The one thing President Buhari has gotten mostly right since assuming office is the security situation in the North East, to the point where bombs going off is news.
It wasn’t always like this.
Throughout 2013 and 2014, most people resigned themselves to daily news of attacks in Borno, Yobe and Adamawa states, but since coming to power last year, those attacks have gradually dwindled, enabling something like normalcy to return to Maiduguri.
Convocation ceremonies, football matches, aeroplanes taking off and landing, people celebrating holidays in the open – all the things that are taken for granted in a non-war zone came back.
In a weird way, then, Wednesday’s blast which killed eight and wounded fifteen people is a sign of how far the city has come since June 2015.
Last December, President Buhari announced a technical defeat of Boko Haram. This was widely criticised, but the evidence since then has largely held up. The capacity of the terrorists to carry out attacks has become weaker, and most of the headlines out of the North East this year has been about the continued captivity of the Chibok Girls, and the growing humanitarian disaster regarding internally displaced persons.
The government’s handling of both has left a lot to be desired. While several thousand people have been freed from terrorist captivity, the administration has failed to display the necessary empathy and communicate effectively about their efforts to rescue the Chibok girls, efforts that have been affected by a split in the terrorist group.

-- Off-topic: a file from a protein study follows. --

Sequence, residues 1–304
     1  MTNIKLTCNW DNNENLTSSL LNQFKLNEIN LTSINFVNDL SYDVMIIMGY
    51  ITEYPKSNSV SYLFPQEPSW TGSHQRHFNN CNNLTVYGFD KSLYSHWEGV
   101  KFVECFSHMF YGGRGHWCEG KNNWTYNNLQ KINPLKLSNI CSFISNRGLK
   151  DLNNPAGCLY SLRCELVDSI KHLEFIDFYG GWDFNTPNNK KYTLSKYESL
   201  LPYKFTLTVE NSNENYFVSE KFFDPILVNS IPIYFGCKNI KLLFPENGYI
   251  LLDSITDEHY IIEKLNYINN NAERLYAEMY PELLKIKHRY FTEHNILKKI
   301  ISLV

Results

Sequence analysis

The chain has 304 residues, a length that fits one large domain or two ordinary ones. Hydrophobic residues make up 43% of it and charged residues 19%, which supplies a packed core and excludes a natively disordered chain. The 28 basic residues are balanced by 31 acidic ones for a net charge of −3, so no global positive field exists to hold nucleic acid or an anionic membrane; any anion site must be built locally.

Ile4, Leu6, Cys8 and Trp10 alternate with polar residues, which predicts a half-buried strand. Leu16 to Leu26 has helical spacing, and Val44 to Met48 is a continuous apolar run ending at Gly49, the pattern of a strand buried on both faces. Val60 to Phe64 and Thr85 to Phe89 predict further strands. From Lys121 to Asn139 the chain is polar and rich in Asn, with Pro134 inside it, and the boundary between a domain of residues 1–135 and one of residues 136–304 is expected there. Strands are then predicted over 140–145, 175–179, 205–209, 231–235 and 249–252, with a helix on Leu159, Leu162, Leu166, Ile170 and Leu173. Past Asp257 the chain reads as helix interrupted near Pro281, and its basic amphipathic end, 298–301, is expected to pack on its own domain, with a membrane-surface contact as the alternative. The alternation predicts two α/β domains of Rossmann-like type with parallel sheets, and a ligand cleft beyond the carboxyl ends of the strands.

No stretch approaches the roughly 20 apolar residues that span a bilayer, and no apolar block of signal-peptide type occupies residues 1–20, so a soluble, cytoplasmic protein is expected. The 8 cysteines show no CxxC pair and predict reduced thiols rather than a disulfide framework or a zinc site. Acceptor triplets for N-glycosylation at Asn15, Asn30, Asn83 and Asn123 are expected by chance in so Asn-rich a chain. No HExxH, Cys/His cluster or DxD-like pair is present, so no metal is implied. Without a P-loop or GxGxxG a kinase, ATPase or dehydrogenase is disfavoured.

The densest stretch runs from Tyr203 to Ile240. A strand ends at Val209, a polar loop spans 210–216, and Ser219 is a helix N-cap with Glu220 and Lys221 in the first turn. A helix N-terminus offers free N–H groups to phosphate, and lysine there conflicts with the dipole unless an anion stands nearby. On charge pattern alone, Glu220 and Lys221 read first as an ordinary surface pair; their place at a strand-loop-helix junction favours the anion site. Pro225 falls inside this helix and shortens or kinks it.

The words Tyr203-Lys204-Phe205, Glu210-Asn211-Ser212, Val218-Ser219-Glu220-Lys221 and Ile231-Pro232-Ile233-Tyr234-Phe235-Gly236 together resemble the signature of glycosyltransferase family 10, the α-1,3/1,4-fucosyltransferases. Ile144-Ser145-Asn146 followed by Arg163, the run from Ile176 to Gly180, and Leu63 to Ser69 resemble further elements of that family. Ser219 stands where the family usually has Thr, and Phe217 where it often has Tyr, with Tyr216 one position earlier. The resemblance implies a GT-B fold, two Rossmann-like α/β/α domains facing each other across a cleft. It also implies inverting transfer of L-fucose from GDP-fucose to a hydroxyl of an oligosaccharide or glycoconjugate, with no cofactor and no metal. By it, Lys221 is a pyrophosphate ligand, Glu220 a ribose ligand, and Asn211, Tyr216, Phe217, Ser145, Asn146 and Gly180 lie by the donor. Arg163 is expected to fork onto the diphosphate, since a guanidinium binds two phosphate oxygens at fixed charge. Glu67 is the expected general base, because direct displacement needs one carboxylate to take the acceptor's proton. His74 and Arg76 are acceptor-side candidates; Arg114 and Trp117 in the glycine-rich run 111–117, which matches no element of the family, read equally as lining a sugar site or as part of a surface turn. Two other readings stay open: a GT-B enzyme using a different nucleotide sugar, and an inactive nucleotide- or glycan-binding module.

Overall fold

However, the conditions of the internally displaced persons has been the most damning indictment. Reports of the food meant for them being stolen and sold has led to women trading sex it, and thousands of children dying of starvation with many more at risk of a similar fate. This is despite the huge financial aid that has poured into the area.
While all this is going on, another bomb went off yesterday, a reminder that even the improved security situation can be put at risk. Like a hydra headed monster, one problem resurfaces while others are receiving attention.
There is a need for the Federal Government to work closely with private security companies that will extend its surveillance reach and bring attention to threats. As it stands, the resources of the Nigerian Army are overstretched. There are currently military deployments in 30 of 36 states. A formal partnership with private security companies will improve the intelligence at the disposal of the government, and enable them to act quicker, with more precision, and save lives in the process.
Insisting on doing everything themselves is a recipe for failure. Since Boko Haram are not a conventional military force, it only takes a small cell to cause major casualties. While terrorists can blend in with the population, avoiding detection and waiting for the perfect moment to strike, the military are more obvious.
There have been several suggestions that the terrorists are only regrouping in order to launch a series of attacks. In addition, both the leaders of the rival Boko Haram factions – Abu Musab al-Barnawi and Abubakar Shekau – remain at large.
This is not over yet.
Not even close.
That should keep every Nigerian awake at night.